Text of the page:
Different deserialization behavior between Java 8 and Java 11

June 13, 2019, at 2:30 PM

I have a problem with deserialization in Java 11 that results in a HashMap with a key that can't be found. I would appreciate if anyone with more knowledge about the issue could say if my proposed solution looks ok, or if there is something better I could do.

Consider the following contrived implementation (the relationships in the real problem are a bit more complex and hard to change):

public class Element implements Serializable {
    private static long serialVersionUID = 1L;
    private final int id;
    private final Map<Element, Integer> idFromElement = new HashMap<>();
    public Element(int id) {
        this.id = id;
    public void addAll(Collection<Element> elements) {
        elements.forEach(e -> idFromElement.put(e, e.id));
    public Integer idFrom(Element element) {
        return idFromElement.get(element);
    public int hashCode() {
        return id;
    public boolean equals(Object obj) {
        if (this == obj) {
            return true;
        if (!(obj instanceof Element)) {
            return false;
        Element other = (Element) obj;
        return this.id == other.id;

Then I create an instance that has a reference to itself and serialize and deserialize it:

public static void main(String[] args) {
    List<Element> elements = Arrays.asList(new Element(111), new Element(222));
    Element originalElement = elements.get(1);
    Storage<Element> storage = new Storage<>();
    Element retrievedElement = storage.deserialize();
    if (retrievedElement.idFrom(retrievedElement) == 222) {

If I run this code in Java 8 the result is "ok", if I run it in Java 11 the result is a NullPointerException because retrievedElement.idFrom(retrievedElement) returns null.

I put a breakpoint at HashMap.hash() and noticed that:

  • In Java 8, when idFromElement is being deserialized and Element(222) is being added to it, its id is 222, so I am able to find it later.
  • In Java 11, the id is not initialized (0 for int or null if I make it an Integer), so hash() is 0 when it's stored in the HashMap. Later, when I try to retrieve it, the id is 222, so idFromElement.get(element) returns null.

I understand that the sequence here is deserialize(Element(222)) -> deserialize(idFromElement) -> put unfinished Element(222) into Map. But, for some reason, in Java 8 id is already initialized when we get to the last step, while in Java 11 it is not.

The solution I came up with was to make idFromElement transient and write custom writeObject and readObject methods to force idFromElement to be deserialized after id:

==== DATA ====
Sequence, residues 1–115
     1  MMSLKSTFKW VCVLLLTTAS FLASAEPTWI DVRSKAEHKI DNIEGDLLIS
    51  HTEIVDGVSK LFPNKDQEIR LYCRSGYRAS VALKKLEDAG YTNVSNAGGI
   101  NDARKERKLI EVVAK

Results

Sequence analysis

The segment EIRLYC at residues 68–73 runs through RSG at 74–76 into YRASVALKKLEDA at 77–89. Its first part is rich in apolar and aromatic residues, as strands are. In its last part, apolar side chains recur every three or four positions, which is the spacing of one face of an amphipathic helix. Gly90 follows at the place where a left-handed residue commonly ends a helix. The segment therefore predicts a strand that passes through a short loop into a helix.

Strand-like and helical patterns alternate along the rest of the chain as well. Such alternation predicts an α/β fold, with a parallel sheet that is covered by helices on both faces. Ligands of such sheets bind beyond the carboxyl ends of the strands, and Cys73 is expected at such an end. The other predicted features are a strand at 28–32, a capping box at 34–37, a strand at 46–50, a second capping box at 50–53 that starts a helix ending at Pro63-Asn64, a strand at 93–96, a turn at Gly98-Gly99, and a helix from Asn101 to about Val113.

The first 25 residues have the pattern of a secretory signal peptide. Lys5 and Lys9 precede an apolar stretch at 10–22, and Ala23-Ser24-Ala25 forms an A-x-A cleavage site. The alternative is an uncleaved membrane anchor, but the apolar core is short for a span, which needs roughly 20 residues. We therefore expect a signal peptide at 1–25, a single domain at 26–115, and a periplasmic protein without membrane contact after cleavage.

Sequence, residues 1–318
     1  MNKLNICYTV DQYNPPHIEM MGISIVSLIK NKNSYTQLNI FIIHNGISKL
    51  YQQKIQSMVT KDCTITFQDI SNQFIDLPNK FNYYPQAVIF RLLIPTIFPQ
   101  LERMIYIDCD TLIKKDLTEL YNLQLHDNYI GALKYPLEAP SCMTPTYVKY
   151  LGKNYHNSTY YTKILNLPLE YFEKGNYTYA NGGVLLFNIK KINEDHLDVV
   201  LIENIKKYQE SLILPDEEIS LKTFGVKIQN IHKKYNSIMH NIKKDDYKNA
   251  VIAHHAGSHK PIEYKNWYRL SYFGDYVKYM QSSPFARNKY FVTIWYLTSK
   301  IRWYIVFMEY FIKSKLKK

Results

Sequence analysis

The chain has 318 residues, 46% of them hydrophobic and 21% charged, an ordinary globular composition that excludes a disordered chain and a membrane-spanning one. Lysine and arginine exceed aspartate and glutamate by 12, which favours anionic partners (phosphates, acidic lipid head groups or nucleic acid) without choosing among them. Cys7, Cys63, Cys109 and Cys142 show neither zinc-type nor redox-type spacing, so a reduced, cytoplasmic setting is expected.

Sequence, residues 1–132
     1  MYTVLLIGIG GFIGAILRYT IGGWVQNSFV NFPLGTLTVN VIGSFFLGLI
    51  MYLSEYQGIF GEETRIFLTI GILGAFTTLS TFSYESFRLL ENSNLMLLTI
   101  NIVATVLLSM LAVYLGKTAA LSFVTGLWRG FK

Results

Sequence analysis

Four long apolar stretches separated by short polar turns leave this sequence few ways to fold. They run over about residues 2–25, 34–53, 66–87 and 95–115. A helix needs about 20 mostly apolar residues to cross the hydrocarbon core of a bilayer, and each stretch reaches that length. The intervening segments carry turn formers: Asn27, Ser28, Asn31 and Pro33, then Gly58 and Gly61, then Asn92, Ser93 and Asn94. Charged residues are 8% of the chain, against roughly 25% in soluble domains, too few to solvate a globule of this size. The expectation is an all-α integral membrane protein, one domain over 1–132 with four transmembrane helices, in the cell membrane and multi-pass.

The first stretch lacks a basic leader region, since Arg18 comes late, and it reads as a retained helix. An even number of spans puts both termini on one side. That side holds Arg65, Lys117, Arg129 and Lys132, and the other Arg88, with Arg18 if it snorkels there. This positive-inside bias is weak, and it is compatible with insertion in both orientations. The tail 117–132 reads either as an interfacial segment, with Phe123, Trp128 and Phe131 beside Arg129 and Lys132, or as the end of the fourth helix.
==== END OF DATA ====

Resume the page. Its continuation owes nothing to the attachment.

transient private Map<Element, Integer> idFromElement = new HashMap<>();
private void writeObject(ObjectOutputStream output) throws IOException {
private void readObject(ObjectInputStream input) throws IOException, ClassNotFoundException {
    idFromElement = (HashMap<Element, Integer>) input.readObject();

The only reference I was able to find about the order during serialization/deserialization was this:

For serializable classes, the SC_SERIALIZABLE flag is set, the number of fields counts the number of serializable fields and is followed by a descriptor for each serializable field. The descriptors are written in canonical order. The descriptors for primitive typed fields are written first sorted by field name followed by descriptors for the object typed fields sorted by field name. The names are sorted using String.compareTo.

Which is the same in both Java 8 and Java 11 docs, and seems to imply that primitive typed fields should be written first, so I expected there would be no difference.

Implementation of Storage<T> included for completeness:

public class Storage<T> {
    private final ByteArrayOutputStream buffer = new ByteArrayOutputStream();
    public void serialize(T object) {
        try (ObjectOutputStream objectOutputStream = new ObjectOutputStream(buffer)) {
        } catch (Exception ioe) {
    public T deserialize() {
        ByteArrayInputStream byteArrayIS = new ByteArrayInputStream(buffer.toByteArray());
        try (ObjectInputStream objectInputStream = new ObjectInputStream(byteArrayIS)) {
            return (T) objectInputStream.readObject();
        } catch (IOException | ClassNotFoundException e) {
        return null;
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